The slightly more refined kicks that readers get from a good poem follow the same rule. If you write down what comes to mind first and leave it unedited thereafter, you can pretty much count on writing drivel, because what comes out of your mind first is the result of automatic habits of thought, feeling, and language you picked up starting in infancy and finished absorbing by the time you hit puberty. You have to get past those to write anything worth reading. No, it doesn’t matter that you think that you’re marvelously unique and special, and so all you have to do is spew your thoughts onto paper and everyone will gather around in awe. They won’t, because—well, I’m sorry to have to break it to you, snookums, but you’re no more marvelously unique and special than anybody else. Neither am I, and neither is your favorite writer. Most writers are fairly dull—I certainly am. Their (and my) writing is a substitute for an interesting life.
The insistence that you should express yourself is another trap. This self you’re eager to express—what is it? Why, another set of habits you picked up between infancy and puberty, habits of thought, feeling, perception, and action. That’s what a personality is, and that’s all it is. Everyone else has one too, and the chance that yours will catch the interest of anybody but a few of your friends and family members is pretty small. Forget about yourself, and express the world as you see it, or imagine it, or wish that it could be—that’s where you get interesting. That’s why stories where the main character is too obviously the author are so dreary, and stories where the main character is someone that author can only dream of being are much more lively.
That’s also why most of the items in the poet’s traditional toolkit are ways to stop yourself from getting stuck your own unthinking automatisms. Let’s look at a poem to see how this is done. The one I have in mind here is by H.P. Lovecraft. Lovecraft was a skilled poet and essayist, as well as the man who wrote some of the twentieth century’s most iconic fantasy and horror stories. A traditionalist to the last degree in his literary tastes—he wrote a blistering and very funny parody of T.S. Eliot’s poem The Waste Land, titling it Waste Paper—he made skillful use of the traditional forms in his own verse, so he’s useful in this discussion.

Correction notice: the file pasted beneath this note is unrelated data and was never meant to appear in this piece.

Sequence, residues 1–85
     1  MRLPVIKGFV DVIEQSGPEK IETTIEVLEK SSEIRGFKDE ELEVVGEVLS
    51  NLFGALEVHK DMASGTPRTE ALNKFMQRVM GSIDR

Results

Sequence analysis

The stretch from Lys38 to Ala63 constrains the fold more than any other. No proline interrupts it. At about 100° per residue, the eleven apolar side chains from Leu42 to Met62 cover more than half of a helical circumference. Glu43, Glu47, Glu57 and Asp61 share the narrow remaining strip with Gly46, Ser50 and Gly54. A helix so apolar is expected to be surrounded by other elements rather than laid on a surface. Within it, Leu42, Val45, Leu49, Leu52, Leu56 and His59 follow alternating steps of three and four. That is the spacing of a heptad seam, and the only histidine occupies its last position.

Yes, I know that Lovecraft has been declared a nonperson in official circles due to some of his writings—notably, a few nastily bigoted poems he wrote in his teen years, when he was reeling emotionally after both his parents died in an insane asylum. Later in life he became a New Deal Democrat, but you won’t find that referenced by those who like to score virtue-signaling points by denouncing him. It’s a source of bleak amusement to me that the same people who insist that people under the age of 25 shouldn’t be blamed for their actions, when they’re talking about criminal law, are at the head of the line flinging blame when they think it’s to their political advantage.
Be that as it may, the verse of his I have in mind is a sonnet in his sonnet-cycle Fungi From Yuggoth, titled “Mirage.” Here it is:
I do not know if ever it existed—
That lost world floating dimly on Time’s stream—
And yet I see it often, violet-misted,
And shimmering at the back of some vague dream.
There were strange towers and curious lapping rivers,
Labyrinths of wonder, and low vaults of light,
And bough-crossed skies of flame, like that which quivers
Wistfully just before a winter’s night.
Great moors led off to sedgy shores unpeopled,
Where vast birds wheeled, while on a windswept hill
There was a village, ancient and white-steepled,
With evening chimes for which I listen still.
I do not know what land it is—or dare
Ask when or why I was, or will be, there.
Once upon a time anybody who finished eighth grade in an American school knew what a sonnet is and how it works, but one can’t assume such basic knowledge these days. A sonnet, then, is a poem of fourteen lines in iambic pentameter. Iambic pentameter? “Iambic” means that it’s set to a rhythm of iambs, which are paired syllables, the first unstressed, the second stressed. The words “awake,” “forgive,” “collapse” are iambs: a-WAKE, for-GIVE, col-LAPSE. “Pentameter” means you have five of these in a row. Try Lovecraft’s last line on for size: “ask WHEN or WHY i WAS or WILL be THERE.” That’s iambic pentameter.
There are plenty of other meters in English poetry, but iambic pentameter is the most widely used. Like all poetic meters, it has some wiggle room built in. The poem just cited makes good use of one of the standard variations, putting an extra unstressed syllable at the end of odd-numbered lines: “exISTed,” “MISTed,” and so on. How much stress you put on each of the stressed syllables varies also, and provides much of the music of the form: compare the rhythm of “and YET i see it OF-ten, VIO-let MIS-ted” to “where VAST birds WHEELED, while on a WIND-swept HILL.” All this is part of the form, and is learned by experiment and by reading plenty of good verse by other poets.
Let’s move on. A sonnet is divided into two sections, an octave of eight lines and a sestet of six. The octave may be rhymed ABBA CDDC—that’s poet’s shorthand for “the first line rhymes with the fourth, the second with the third, the fifth with the eighth, and the sixth with the seventh”—or it may be ABAB CDCD, as in our example (you can work this out for yourself.) The sestet also varies in its rhyme scheme, but it’s always got three pairs of rhymed lines. In this example they’re EFEFGG; you can find others that run EFGEFG, or EEFGFG, or any number of other variations. Choosing a pattern for the sestet that lets you emphasize what you want to emphasize is an important element in sonnet writing.